Addis Ababa (Agenzia Fides) - The Ethiopian government has signed an agreement with the United Nations to allow the creation of a humanitarian corridor "without obstacles", at least for the areas under the control of the federal government, which will allow the arrival of food, medicines and other essential aids in Tigray. Since 3 November, the day the fighting began, the northern region of Ethiopia has remained isolated. Stocks of food and fuel have gradually run out. For weeks, the United Nations and other subjects have unsuccessfully asked for access to the region to help the six million people. "We are working to ensure that assistance is provided throughout the region and to every single person who needs it" – said Saviano Abreu, a UN spokesperson. "We demand that all parties to the conflict guarantee that aid in Tigray reaches its destination and is distributed according to the principles of humanity, impartiality, independence and neutrality", he added.
The humanitarian situation is serious. It is estimated that more than a million people have evacuated in Tigray and more than 45,000 of these have found refuge in Sudan. The most penalized by this situation are the 100,000 or so Eritrean refugees in the camps near the Tigray border who found themselves on the front line. Some refugees have reportedly been killed or kidnapped and serious violations of international standards have been committed.
"Apart from armed clashes - explains to Agenzia Fides Fr. Mussie Zerai, an Eritrean priest committed to supporting Eritrean refugees - two threats are looming in the refugee camps: that of forced repatriation to Eritrea and enormous livelihood difficulties due to the sudden interruption of all forms of assistance and supples, including the most essential goods".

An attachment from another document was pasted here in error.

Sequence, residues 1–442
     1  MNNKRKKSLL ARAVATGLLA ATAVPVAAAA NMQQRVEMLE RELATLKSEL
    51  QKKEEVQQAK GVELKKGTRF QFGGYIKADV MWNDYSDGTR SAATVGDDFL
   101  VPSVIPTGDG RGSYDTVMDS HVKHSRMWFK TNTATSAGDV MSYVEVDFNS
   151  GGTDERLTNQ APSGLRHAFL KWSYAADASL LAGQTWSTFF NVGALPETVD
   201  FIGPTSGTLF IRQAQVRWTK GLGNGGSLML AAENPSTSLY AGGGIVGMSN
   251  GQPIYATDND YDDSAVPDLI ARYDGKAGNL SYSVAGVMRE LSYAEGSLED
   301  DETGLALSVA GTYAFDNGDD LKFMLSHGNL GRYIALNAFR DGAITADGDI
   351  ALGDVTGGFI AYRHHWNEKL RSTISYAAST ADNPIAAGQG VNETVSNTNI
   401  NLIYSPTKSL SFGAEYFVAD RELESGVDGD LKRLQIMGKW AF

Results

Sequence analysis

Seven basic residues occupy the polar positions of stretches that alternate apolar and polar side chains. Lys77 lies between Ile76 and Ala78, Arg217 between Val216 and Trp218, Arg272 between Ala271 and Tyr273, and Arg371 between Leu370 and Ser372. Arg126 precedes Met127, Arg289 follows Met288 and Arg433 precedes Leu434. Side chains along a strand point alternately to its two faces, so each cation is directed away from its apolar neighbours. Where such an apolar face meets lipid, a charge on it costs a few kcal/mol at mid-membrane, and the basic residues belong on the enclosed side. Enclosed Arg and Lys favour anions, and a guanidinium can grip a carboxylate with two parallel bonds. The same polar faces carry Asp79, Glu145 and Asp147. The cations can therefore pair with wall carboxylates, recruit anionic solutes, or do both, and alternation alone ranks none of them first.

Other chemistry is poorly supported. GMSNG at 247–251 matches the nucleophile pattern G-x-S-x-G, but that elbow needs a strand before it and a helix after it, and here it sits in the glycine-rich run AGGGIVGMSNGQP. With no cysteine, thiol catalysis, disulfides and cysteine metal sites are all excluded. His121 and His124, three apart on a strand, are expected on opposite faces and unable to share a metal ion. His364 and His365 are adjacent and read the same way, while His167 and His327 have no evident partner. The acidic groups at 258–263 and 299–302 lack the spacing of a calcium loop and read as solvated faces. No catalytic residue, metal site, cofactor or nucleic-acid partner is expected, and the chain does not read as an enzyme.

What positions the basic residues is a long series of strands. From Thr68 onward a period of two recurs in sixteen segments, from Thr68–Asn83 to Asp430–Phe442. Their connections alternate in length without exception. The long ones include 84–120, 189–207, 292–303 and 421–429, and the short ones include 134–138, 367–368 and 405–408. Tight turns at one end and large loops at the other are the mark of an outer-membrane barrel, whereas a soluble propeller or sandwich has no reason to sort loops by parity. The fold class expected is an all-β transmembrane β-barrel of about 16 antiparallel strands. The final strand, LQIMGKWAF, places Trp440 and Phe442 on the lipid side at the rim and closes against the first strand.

The threat of repatriation concerns in particular the Shimelba camp, located furthest to the north and closest to the border with Eritrea. For days, reports have been circulating that about six thousand refugees have been blocked in or around the reception center and repatriated under arrest by Eritrean military units who have entered Tigrinya as allies of the Ethiopian federal army. "Basically, a real mass deportation - says Fr. Mussie -, whose victims risk becoming" ‘desaparecidos’, impossible to find, because all the registers of the UNHCR have been destroyed, so as not to leave any trace of the camp guests or in any case to make searches extremely difficult. Ethiopia is obliged to guarantee the safety and freedom of these people. No one can ignore, in fact, that all refugees are considered by the Eritrean government as 'traitors' and 'deserters'. Forcing them to return to Eritrea means exposing them to real reprisals including prison and death consisting in revenge and revenge for this dictatorship that every refugee has accused the whole world with by his own flight".
Assistance is an increasingly serious problem that affects all refugee camps. Until the out break of the conflict, sufficient assistance and sufficient supplies for the daily life of thousands of refugees were provided by the Tigray government and by international humanitarian aid. Since then, supplies and services have rapidly dwindled and ran out.
"We strongly demand- concludes Fr. Mussie - urgent interventions from all the main international institutions (in particular the United Nations, the African Union, the European Union as well as the Addis Ababa government itself) with three priority objectives: to verify the validity of the news of forced repatriation to Eritrea of thousands of refugees and, in this case, to intervene with the utmost speed and firmness; organize humanitarian channels that allow the transfer to other states of the thousands of refugees who have found themselves involved in the war against their will; immediately reopen the borders of Tigray to humanitarian aid". (EC) (Agenzia Fides, 3/12/2020)